Subhash Chandra, MD: Helping psychiatric patients feel empowered

Subhash Chandra, MD

The AMA “Members Move Medicine” series profiles a wide variety of doctors, offering a glimpse into the passions of women and men navigating new courses in American medicine.

AMA Moving Medicine

See how AMA members are changing the culture and stigma associated with physician burnout in the latest issue of AMA Moving Medicine. 

On the move with: Subhash Chandra, MD, a forensic psychiatrist at South Oaks Hospital of Northwell Health in Amityville, New York.

AMA member since: 2011.

What inspired me to pursue a career in medicine: My desire to address the mental unrest, aggression, impulsivity, irritability, anger, frustration and varied other emotions and thought problems that make not only the person’s but the entire family’s life a living hell because of the ignorance, stigma and lack of trust.

How I move medicine: By educating my fellow physicians and patients of the emerging health care crisis, and reminding them of their right to mental, physical and spiritual well-being. Apprising them of the fact that they are not alone, and that they need to connect and collaborate to conquer, as together we are stronger.

Career highlights:

  • Chair of the AMA International Medical Graduates Section.
  • American Academy of Psychiatry and Law Rappeport Fellowship.
  • American Academy of Forensic Sciences Richard Rosner Award, Honorable Mention.
  • American Psychiatric Association Fellow.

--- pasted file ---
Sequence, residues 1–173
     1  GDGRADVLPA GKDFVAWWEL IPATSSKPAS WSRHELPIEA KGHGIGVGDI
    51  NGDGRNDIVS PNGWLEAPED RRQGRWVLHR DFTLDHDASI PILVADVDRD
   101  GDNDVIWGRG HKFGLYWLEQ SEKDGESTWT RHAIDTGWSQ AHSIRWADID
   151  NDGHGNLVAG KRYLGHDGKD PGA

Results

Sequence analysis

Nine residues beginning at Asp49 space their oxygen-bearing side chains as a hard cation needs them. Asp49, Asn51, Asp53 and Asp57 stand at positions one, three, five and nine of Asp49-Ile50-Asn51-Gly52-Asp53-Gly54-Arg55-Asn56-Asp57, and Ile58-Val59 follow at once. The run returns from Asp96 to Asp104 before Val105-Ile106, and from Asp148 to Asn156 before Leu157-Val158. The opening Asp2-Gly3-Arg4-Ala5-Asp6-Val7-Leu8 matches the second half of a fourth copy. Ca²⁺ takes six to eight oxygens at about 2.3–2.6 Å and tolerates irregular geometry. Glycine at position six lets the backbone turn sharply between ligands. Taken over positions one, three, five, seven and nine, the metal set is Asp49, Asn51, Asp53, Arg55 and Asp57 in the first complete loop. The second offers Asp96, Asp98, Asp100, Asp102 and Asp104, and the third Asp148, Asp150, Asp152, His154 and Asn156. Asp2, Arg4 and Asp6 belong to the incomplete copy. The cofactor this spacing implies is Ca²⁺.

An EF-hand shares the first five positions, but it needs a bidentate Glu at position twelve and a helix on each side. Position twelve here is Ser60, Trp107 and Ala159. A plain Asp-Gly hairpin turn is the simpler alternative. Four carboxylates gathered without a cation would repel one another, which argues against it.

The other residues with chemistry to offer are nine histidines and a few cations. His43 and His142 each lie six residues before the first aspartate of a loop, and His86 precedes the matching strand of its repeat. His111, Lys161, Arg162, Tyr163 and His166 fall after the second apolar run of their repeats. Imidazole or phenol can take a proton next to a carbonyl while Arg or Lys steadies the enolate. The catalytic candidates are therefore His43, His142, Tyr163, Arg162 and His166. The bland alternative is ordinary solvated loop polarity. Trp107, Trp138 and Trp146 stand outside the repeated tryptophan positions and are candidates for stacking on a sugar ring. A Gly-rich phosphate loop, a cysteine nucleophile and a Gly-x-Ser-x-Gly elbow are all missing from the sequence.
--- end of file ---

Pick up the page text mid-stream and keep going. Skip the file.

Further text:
Advice I’d give to those interested in pursuing a career in medicine: It is a long journey with multiple hurdles—some of which we have created ourselves and only we can get rid of them—but the journey in itself is worth the time, effort and resources.

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Dionne Hart, MD: From social worker to psychiatrist of the year

How I give back to the community: I educate my psychiatric patients about how empowered they are in the current era of mental hygiene law—they can fight and advocate for themselves, accept or refuse treatment, instead of feeling that medications are being forced on them.

I also motivate my fellow colleagues to conglomerate, be a part of organized medicine instead of feeling helpless at the hand of the insurance companies, and how they control everything including reimbursement in private practice, choice of medicine or length of stay in the hospital.

Aspect of my work that means the most: My patients sharing the most embarrassing, sad or horrific moments of their life with the trust and hope that I will be able to take care of them. The feeling of contentment when their hopes are realized, and when they are apologetic for being suspicious of my abilities and competency because of my looks, accent, etc.

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Laura E. Halpin, MD: Serving for her resident colleagues

My hope for the future of medicine: Getting back the practice of medicine in the hand of physicians where it belongs and not feeling like a puppet at the hands of insurance and drug companies. Being able to spend maximum time with my patients, and only 15%—20% of a workday on the computer, or on the phone with the insurance and drug companies and not vice-versa.

Visit to learn more about other AMA members who are relentlessly moving medicine through advocacy, education, patient care and practice innovation, and join or renew today.